Sharing data between players in the institutional investor supply chain would help reduce costs from the inefficient duplication of work, a panel agreed.
Data sharing is difficult to implement, however, particularly in the area of investment operations, because of the wide variety of models and timeframes different players use, delegates at the Investment Operations Conference heard.
“There are lots of different approaches being taken – no one size fits all – and that’s the challenge for us as custodians; building data solutions to meet all those different clients on a standalone basis,” Northern Trust senior vice-president, deputy head of sales Asia-Pacific, Angelo Calvitto said.
Deloitte Australia partner, analytics and information management, Melissa Ferrer said reducing the duplication of data across different entities partly comes down to having effective operating models.
“When you are looking at someone outside your organisation, you have got to really build that second operating model [into how you manage the data],” Ferrer explained. “You need to be clear in what the roles are and how the information is going to be transferred and utilised.”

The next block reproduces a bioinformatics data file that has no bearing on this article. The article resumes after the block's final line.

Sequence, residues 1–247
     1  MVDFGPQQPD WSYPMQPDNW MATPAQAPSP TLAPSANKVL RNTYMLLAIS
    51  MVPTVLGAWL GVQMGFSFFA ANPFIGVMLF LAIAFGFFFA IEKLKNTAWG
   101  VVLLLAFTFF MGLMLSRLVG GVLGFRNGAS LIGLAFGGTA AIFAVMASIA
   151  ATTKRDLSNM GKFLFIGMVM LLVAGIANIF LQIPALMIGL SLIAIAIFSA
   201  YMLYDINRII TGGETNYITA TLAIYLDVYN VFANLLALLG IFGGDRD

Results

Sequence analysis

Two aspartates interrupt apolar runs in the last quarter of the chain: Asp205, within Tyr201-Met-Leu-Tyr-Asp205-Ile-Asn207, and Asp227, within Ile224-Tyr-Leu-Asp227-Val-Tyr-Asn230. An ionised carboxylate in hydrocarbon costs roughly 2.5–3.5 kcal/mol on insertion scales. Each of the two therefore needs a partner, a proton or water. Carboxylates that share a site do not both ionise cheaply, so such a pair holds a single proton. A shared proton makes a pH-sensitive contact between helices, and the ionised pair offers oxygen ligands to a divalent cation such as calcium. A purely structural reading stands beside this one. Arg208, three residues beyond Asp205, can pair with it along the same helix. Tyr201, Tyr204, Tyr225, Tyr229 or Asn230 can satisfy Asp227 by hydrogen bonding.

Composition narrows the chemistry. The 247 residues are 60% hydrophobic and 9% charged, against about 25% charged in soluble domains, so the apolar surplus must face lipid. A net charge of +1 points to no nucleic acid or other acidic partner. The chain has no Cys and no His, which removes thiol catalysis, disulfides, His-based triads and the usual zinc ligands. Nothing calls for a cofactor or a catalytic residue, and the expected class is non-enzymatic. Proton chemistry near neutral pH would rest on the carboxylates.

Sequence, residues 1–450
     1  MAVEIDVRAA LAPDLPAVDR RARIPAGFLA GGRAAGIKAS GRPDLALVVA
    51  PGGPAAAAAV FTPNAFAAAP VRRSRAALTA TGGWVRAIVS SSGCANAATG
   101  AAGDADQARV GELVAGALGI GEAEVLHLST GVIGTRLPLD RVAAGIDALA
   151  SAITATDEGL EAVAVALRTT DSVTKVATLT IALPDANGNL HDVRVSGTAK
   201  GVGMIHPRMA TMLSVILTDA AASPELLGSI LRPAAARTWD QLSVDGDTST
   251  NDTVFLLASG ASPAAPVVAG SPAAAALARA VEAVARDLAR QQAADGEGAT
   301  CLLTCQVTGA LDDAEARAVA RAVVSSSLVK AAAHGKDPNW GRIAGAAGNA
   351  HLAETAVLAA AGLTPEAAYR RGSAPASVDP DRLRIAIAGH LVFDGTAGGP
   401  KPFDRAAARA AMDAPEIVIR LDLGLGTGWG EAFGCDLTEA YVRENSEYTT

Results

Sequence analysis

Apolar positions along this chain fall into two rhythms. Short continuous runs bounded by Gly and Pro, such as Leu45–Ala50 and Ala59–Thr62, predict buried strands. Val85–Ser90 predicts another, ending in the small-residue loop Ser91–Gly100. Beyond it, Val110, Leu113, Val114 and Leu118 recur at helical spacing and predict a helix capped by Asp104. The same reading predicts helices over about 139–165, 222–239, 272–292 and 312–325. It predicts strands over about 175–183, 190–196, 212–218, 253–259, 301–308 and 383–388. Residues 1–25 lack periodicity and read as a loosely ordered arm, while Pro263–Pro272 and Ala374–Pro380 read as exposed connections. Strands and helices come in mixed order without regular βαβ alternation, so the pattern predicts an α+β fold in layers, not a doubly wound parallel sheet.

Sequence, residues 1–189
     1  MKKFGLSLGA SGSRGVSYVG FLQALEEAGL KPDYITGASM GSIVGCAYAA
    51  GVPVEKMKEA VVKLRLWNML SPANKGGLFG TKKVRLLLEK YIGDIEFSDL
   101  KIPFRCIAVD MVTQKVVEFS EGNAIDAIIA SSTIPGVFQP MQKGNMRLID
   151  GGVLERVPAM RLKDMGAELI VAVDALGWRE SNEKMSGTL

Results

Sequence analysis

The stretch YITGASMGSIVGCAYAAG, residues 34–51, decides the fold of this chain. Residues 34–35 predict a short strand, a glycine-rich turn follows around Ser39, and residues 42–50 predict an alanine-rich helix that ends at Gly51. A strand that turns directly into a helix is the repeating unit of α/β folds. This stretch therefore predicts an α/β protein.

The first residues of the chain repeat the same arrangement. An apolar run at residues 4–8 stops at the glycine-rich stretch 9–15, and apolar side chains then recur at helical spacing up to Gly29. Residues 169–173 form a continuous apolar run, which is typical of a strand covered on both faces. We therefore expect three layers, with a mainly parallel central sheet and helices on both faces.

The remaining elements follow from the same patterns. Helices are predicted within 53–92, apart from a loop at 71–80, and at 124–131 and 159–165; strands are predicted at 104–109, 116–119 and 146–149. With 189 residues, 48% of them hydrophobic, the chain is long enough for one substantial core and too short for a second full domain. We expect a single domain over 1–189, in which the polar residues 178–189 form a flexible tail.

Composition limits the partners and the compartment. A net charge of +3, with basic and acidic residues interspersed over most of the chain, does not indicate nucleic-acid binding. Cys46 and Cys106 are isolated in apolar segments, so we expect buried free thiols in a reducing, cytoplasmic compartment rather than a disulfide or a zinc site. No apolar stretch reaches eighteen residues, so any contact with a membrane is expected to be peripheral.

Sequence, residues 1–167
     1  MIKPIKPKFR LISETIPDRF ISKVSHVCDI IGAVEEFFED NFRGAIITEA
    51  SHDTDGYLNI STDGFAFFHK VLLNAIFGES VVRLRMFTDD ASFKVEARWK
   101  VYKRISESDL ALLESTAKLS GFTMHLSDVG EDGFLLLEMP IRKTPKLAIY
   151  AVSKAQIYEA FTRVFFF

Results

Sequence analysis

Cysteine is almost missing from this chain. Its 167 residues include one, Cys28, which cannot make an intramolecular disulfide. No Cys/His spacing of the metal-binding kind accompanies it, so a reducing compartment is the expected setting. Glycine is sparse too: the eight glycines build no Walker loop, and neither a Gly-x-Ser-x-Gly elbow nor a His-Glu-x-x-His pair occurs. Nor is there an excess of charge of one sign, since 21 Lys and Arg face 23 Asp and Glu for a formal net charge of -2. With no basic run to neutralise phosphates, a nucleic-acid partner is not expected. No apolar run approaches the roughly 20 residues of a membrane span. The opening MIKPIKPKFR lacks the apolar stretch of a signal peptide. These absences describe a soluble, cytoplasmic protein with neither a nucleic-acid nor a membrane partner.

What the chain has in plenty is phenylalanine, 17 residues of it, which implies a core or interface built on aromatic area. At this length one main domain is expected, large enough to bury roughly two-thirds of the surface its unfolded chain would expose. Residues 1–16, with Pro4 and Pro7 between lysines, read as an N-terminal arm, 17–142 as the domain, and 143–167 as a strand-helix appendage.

The increasing volume, velocity and variety of data also presents a challenge to sharing. Ferrer predicted the technological revolution would continue as clients and the level of information became more sophisticated.
One company already working with its partners to get better insight into the joint customer base is Challenger.
“That certainly helped us with a number of product design concepts,” Challenger general manager operations David Mackaway said. “For example, with lifetime policies … by getting a whole load of data, we [learned we] can give people an out for the first 15 years, because we now understand they are not likely to have life events in that timeframe.”
Mackaway said the benefits of data sharing were seen in the increased efficiency at government agencies, adding that regulated entities should have access to the work agencies have already done.